More than 300 pages of “solicitors letters” were laced with drugs and sent to inmates during a prison’s Covid-19 lockdown. The letters, marked as being from inmates’ legal teams, were intercepted at HMP Birmingham in June. Staff’s efforts emerged in a report on standards since an inspector called the prison the worst he had ever seen. Now a watchdog hopes improvements during the virus will help reshape the prison’s future. HMP Birmingham’s Independent Monitoring Board (IMB) has been assessing progress for the 12 months since July 2019, when the government took over the site full time from private security firm G4S.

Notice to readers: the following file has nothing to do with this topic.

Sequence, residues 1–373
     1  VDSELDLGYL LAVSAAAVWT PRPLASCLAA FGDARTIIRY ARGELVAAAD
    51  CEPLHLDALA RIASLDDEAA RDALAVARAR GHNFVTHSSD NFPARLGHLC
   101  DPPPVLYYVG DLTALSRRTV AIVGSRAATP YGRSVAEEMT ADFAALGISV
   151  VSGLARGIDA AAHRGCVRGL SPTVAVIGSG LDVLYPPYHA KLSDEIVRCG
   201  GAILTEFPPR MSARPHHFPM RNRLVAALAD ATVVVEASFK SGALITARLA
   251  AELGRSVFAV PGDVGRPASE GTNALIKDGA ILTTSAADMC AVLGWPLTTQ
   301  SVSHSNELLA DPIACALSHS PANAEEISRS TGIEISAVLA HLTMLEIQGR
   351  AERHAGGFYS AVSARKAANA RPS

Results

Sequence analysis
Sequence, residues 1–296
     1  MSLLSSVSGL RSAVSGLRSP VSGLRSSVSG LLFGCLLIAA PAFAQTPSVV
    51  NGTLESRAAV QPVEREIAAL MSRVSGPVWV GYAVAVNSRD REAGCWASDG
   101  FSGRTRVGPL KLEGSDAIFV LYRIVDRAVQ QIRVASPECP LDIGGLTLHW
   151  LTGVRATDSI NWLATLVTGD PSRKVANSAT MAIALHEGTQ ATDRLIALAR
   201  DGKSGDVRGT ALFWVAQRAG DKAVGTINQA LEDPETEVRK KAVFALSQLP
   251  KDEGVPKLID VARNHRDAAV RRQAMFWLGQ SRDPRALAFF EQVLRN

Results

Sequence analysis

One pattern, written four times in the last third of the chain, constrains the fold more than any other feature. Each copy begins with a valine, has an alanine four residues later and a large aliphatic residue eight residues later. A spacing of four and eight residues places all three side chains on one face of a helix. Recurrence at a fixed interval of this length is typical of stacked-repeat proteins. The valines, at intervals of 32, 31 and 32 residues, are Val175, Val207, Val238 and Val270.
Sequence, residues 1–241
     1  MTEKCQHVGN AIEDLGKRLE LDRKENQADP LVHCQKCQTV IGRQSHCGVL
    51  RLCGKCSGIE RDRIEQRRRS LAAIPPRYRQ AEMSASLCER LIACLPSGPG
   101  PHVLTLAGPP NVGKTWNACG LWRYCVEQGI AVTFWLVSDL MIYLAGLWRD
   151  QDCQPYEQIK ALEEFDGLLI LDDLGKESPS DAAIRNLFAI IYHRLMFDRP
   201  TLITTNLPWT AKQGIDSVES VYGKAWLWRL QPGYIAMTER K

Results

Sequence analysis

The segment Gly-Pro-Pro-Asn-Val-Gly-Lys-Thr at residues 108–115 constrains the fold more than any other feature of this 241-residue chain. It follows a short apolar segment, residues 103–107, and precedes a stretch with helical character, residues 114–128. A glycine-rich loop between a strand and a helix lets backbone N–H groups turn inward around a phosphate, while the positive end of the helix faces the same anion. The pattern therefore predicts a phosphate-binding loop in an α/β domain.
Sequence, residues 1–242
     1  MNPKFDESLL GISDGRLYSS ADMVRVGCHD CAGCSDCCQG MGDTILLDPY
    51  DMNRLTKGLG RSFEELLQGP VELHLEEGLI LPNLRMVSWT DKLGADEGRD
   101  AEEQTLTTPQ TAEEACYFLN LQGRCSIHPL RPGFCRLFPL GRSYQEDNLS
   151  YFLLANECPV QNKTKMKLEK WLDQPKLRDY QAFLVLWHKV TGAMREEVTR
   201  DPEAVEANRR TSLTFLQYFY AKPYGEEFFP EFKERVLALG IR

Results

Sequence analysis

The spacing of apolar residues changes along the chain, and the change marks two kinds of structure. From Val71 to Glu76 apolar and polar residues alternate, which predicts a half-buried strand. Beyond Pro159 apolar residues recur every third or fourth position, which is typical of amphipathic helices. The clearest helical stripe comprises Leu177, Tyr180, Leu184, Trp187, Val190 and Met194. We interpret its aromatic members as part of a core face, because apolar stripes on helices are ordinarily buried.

The switch followed a raft of serious complaints over the prison which painted a picture of severe squalor, chronic danger and acute drugs misuse. But the IMB’s annual report found “rising trends in standards”, and that in general, inmates’ experience had improved, with expectations “this upward trajectory will continue”. Instances of violence and drug use have fallen, and the board concedes it is related, yet only in part, to prisoners spending most of the day in cells during the enforcement of Covid-19 restrictions. Amid national lockdown, the prison experienced an influx of letters laced with psychoactive substances (PS). They were marked as Rule 39 solicitors letters – messages between inmates and legal counsel that by law cannot be read by prisons unless contraband is suspected.Staff did suspect and found 330 pages of drug-coated paper; a move that left the board “reassured the prison is diligent in tracking down illicit items”. The board added incidents of PS abuse were “much lower” than in recent years, and a body scanner was finally in place to detect drugs.